“Has the stomach to strike one stroke for another” (12).
So it is at this point that the Green Knight has challenged Arthur’s court to this contest but as an explanatory note makes clear, this is odd even by medieval standards since it mixes violence with pleasure in a mystifying manner. The knight’s idea is to have a knight throw all his might at his head whereupon, a year from the day, that same knight must travel to the Green Knight’s lodging and receive a similar blow. It is all very freaky.
“’And this is supposed to be Arthur’s house,’ he cried. / Whose fame flies through the remotest regions!’” (13)
Talk about throwing some shade! Burn… ah, why is no-one else amused? Oh, I should say this: since this comes after the Green Knight asking who will challenge him, and Arthur’s court is, justifiably, nonplussed, the Green Knight thinks that they are cowards; the association is that Arthur’s fame is undeserved as his knights do not jump at this… challenge.
“’But as you ask a silly thing, I’ll see that you have it’” (14).
I’m glad to see that I am not the only one who sees this as absurd. That even the medieval King Arthur could hear this request and go “What you talking about, Green Knight?” (You must say that in the proper Sit-Com voice.)
“’If I have blundered, let the whole hall, without blame, decree’” (15).
This is Gawain talking and he is speaking like one of those passive-aggressive sycophants who are nevertheless aggressive—essentially, he is saying that if he fails in the Green Knight’s quest, then no shame will befall Arthur, but he says this while reminding everyone that he is of Arthur’s blood. So, as I said, like a smart-ass. But whatevs, cool.
“’Ah, Sir Gawain— what luck! / I am pleased exceedingly / That you will make the stroke’” (16).
Stranger danger, anyone? Gawain and company just met this dude and he is like, ‘yo, bro, great to see that you’ve taken up my weird challenge!’ and Gawain is like, “let’s get to it brah!’ All’s I am saying is that were I Gawain, I would have a bit more caution in matters like these. Then again, I supposed that this is why I am not an Arthurian knight—because I lack a sense of Stranger Danger.
Regardless, the spectacle commences and Gawain strikes with all his might at the Green Knight.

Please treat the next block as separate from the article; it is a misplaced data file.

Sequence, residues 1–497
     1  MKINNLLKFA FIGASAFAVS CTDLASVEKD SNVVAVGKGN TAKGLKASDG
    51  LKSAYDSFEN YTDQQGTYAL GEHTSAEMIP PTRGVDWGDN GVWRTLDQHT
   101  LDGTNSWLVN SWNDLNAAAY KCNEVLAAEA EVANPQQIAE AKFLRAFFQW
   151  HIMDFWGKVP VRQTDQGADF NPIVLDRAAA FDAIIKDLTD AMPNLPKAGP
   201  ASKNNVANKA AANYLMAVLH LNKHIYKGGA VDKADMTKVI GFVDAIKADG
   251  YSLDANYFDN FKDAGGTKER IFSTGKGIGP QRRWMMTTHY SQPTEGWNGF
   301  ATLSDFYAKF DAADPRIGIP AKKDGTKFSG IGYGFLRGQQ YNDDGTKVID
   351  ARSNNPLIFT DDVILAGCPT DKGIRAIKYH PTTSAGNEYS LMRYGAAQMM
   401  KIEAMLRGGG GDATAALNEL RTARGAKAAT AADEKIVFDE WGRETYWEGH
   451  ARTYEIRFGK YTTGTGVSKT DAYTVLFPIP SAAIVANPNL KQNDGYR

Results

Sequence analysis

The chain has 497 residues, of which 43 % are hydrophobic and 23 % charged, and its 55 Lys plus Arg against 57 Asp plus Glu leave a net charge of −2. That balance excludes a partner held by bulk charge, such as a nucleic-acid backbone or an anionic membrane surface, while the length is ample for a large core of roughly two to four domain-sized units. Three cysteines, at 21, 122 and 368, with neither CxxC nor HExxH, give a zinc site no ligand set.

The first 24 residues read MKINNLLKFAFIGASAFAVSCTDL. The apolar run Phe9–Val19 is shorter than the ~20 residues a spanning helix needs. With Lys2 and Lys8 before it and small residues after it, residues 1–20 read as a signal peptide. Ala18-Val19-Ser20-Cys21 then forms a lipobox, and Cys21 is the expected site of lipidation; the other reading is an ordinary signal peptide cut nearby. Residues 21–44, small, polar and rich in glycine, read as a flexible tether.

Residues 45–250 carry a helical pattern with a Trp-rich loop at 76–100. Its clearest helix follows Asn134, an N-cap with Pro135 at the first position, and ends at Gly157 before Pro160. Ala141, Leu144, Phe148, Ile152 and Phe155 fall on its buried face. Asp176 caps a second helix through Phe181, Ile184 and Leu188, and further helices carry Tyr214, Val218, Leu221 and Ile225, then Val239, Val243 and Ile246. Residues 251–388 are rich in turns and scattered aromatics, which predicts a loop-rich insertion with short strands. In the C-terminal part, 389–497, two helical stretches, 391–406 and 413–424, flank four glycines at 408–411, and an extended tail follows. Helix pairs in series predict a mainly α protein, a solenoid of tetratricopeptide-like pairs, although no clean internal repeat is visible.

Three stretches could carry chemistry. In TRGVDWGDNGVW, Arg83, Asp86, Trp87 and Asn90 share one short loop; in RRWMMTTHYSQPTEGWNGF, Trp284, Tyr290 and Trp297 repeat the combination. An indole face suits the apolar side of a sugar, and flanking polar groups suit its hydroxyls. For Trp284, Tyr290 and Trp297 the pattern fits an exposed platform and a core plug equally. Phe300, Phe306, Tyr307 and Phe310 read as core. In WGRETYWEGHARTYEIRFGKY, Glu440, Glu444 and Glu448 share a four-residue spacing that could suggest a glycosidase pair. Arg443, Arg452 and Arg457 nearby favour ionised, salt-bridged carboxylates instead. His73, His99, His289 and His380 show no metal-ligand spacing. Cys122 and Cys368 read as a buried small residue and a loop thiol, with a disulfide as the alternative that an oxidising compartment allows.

“Blood spurted from the great body and splattered the green, / But still he didn’t fall, didn’t falter at all, / But strode forward steadily on firm thighs, / Reached out fiercely among the ranks of knights, / Gripped his handsome head and quickly picked it up;” (17).
This is the most amazing part of the story and the most fantastical. Gawain strikes and decapitates the Green Knight, but the Green Knight refuses to die and simply acts as nothing at all happened. This is where the reader figures out why the request was so weird—there was no precedent; there is not magic which would allow Gawain to live through such an engagement, so there is no danger in accepting if he is the one who strikes first. But now that he has seen that it will be expected of him to bear a blow, the dramatics begin.
“’Be prepared to do as you promised, Gawain;’” (18).
Yeah, don’t remind him, jackass.
“Though Arthur’s head stood still in wonder, / He showed no sign of it, but said aloud, / To his queen in a most courteous manner, / ‘Dear lady, please don’t be dismayed. / Such deeds are welcomed at the Christmas season,’”
Arthur, what a dick. His knight has pretty much been sentenced to death and the best he can muster is some minced words to his girlfriend. I repeated—what a dick!
Well, after that, Arthur speaks of Gawain not letting fear overwhelm him and whatnot. It is all droll and, in my opinion, rather moot. But hey, if this was not the central quandary then there wouldn’t be much of a plot, eh? At any rate, not too bad of a story for something that was written in the middle ages, eh?